Sometimes I wonder if the greatest flaw in the global oil market is that it has such a precise memory. Anyone with an internet connection can see what the price of oil was in New York fifteen minutes ago, and then view another website and track its movements all the way back to a Wednesday in March twenty-five years ago when the NYMEX West Texas Crude Oil (WTI) contract began trading. The problem with this is that, because the market can't forget, and because each moment's price is set with reference to the previous price, there is little opportunity for the market to catch its breath, weigh all of the fundamentals, and arrive at today's price from scratch. As a result, any distortions that creep in take a while to be expunged, if they ever truly are.
Most days I am grateful that I am no longer an oil trader, with one eye always glued to a screen displaying the gyrations of the global energy commodity exchanges. It's not good for one's health, even if you have a calm disposition. That's especially true these days, when a single news item can send the entire market up or down by as much as $4 per barrel from a starting point over $100/bbl. The process was different when I traded crude oil on the West Coast in the late 1980s. Although the NYMEX contract was becoming a bigger factor in the pricing of physical grades of crude oil, such as the cargoes of Alaskan North Slope crude I bought for Texaco's Los Angeles and Anacortes, WA refineries, it was still quite common to buy and sell pipeline quantities of oil at a premium or discount to posted prices--periodically-updated fixed prices at which refiners or traders solicited producers to sell them oil--or as often as not, at a fixed price unique for that deal on that day, e.g., $17.21/bbl for 2,000 bbl/day of Buena Vista Light during April 1987. (It's getting hard to believe oil was ever that cheap.)
Because of the way such deals were struck, a trader and the refinery for which he was buying had to have a very clear sense of the intrinsic value of that oil, either in terms of the products into which it could be refined, or the price at which it could be resold before delivery, if requirements changed. This process involved significant risks that could not easily be hedged, then. The stakes were high enough that, unless the counterparty was a long-term, reliable supplier or customer, deals could fall apart over a difference of 5 cents per bbl. Without suggesting that traders today are any less diligent or astute, I believe a market in which most prices are set with reference to WTI, Brent, or some other ultra-transparent exchange-traded marker entails less accountability for ensuring that the price involved is reasonable, rather than defensible--i.e., "Well, I paid the market price for it."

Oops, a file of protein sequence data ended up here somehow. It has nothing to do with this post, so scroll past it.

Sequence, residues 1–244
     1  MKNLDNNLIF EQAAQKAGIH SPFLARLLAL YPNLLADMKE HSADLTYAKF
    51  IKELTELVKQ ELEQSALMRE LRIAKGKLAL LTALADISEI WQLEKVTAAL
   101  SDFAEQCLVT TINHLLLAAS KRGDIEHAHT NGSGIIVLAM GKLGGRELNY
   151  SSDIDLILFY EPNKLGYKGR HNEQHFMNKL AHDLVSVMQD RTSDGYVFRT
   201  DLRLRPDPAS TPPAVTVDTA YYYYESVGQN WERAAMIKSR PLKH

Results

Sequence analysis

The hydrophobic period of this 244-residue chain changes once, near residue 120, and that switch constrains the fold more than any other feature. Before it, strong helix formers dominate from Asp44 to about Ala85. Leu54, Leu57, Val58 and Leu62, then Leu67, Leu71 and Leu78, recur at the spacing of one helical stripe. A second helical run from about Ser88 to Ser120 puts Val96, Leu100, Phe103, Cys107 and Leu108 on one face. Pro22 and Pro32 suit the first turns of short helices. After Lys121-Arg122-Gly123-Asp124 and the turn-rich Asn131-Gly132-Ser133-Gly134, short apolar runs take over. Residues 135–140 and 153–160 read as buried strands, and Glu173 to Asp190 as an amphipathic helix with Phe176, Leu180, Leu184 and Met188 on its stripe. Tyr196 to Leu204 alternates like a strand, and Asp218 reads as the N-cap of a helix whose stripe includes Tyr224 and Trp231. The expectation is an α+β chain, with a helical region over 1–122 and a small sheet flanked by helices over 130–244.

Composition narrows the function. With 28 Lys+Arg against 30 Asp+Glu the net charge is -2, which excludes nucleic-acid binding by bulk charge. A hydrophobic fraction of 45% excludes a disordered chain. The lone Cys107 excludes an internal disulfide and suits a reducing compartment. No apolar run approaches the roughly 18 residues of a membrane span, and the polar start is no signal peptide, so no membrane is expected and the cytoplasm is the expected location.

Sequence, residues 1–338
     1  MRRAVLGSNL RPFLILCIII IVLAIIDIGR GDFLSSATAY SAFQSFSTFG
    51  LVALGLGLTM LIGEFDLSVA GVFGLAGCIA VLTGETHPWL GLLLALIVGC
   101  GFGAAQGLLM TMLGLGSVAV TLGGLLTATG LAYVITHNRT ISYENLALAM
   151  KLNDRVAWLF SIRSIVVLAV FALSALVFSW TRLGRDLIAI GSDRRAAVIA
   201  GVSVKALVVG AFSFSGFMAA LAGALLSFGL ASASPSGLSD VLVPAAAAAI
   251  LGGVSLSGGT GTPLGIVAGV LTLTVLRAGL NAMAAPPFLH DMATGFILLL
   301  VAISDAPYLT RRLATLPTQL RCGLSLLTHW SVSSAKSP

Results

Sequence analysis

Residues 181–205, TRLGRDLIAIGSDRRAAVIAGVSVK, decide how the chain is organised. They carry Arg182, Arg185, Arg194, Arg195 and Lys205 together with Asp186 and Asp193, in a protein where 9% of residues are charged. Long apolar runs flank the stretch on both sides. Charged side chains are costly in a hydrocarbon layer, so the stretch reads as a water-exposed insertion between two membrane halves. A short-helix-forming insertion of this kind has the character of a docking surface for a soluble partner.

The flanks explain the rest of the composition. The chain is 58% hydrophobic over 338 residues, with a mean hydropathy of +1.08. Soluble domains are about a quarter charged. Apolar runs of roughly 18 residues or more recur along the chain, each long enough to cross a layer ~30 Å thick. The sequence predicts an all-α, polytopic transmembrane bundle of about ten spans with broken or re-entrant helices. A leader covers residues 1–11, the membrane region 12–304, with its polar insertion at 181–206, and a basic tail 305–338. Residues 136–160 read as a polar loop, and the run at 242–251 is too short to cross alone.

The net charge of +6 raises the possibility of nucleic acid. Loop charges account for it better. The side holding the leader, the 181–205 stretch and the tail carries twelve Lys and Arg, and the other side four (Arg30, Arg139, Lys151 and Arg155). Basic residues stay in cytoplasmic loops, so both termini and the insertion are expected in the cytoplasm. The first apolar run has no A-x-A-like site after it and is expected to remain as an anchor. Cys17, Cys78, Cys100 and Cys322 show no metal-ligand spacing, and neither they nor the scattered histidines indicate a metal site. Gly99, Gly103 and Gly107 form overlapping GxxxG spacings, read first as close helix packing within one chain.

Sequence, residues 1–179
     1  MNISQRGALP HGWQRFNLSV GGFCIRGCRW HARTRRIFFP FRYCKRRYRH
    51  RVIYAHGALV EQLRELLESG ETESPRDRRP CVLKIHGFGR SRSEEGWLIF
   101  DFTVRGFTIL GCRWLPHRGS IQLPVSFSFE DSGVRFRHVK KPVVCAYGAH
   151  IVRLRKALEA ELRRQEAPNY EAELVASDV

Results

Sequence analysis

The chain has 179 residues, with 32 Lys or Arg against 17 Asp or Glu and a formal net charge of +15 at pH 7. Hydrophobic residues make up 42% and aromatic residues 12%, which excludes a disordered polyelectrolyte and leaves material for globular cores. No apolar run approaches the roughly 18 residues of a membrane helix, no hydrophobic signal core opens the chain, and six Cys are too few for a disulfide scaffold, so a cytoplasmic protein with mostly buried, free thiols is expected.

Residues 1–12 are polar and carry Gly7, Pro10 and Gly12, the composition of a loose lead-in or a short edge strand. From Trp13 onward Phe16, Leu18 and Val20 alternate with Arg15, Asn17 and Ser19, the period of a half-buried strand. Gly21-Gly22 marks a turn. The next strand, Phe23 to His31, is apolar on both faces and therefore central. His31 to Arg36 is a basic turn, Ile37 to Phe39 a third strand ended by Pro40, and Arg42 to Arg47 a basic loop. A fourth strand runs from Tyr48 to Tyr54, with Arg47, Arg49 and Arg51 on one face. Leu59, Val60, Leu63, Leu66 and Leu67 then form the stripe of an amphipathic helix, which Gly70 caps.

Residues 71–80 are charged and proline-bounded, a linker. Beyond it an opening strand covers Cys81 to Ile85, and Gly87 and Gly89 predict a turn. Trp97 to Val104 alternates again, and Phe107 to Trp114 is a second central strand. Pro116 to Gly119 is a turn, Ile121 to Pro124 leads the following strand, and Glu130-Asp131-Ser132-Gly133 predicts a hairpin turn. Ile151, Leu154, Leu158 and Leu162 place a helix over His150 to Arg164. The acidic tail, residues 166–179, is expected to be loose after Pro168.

In a popular film of a few years ago, "Memento," the protagonist had an unusual form of amnesia and woke up each morning without any clear recollection of the previous day. He had to rely on notes he had previously scribbled to himself. What if the oil market worked that way, and each day, traders had to re-establish the price of oil from scratch, relying only on the fundamentals of supply, demand and inventory? A classical economist might suggest that the result would be no different, because the market price is merely the level at which supply and demand are balanced, every day. I'm less sure things are that simple, and I suspect that the practitioners of behavioral economics might be skeptical, as well. For example, yesterday's increase in the price of WTI to $111/bbl in response to an unanticipated 3 million bbl drop in US crude inventories only makes sense if you accept that $108/bbl accurately reflected all of the market factors before that news. However, a similar overall configuration of global inventory and spare production capacity in 2005 yielded prices in the mid-$50s to mid-$60s. $111 makes more sense as the net sum of three years of individual price movements, than as the bottom-up evaluation of all the factors in today's market.
I recently received a copy of an academic paper by a Ph.D. candidate at the University of Michigan and his professor. It tackles the question of whether the oil futures market provides a reliable forecast of future oil prices and finds that it does not. Even my view that it is a good indicator of current expectations of future prices seems shaky, in their analysis. Taken together with my concern that the market may be influenced more by its own price history than it ought to be, I conclude that decision makers, policy makers, and consumers would be well-served to take a somewhat more jaundiced view of that daily WTI settlement price that the media has grown so fond of displaying. Its impact on fuel prices and on our trade deficit is certainly real and tangible, but it might not be telling us as much about the world and the future as we have come to believe.
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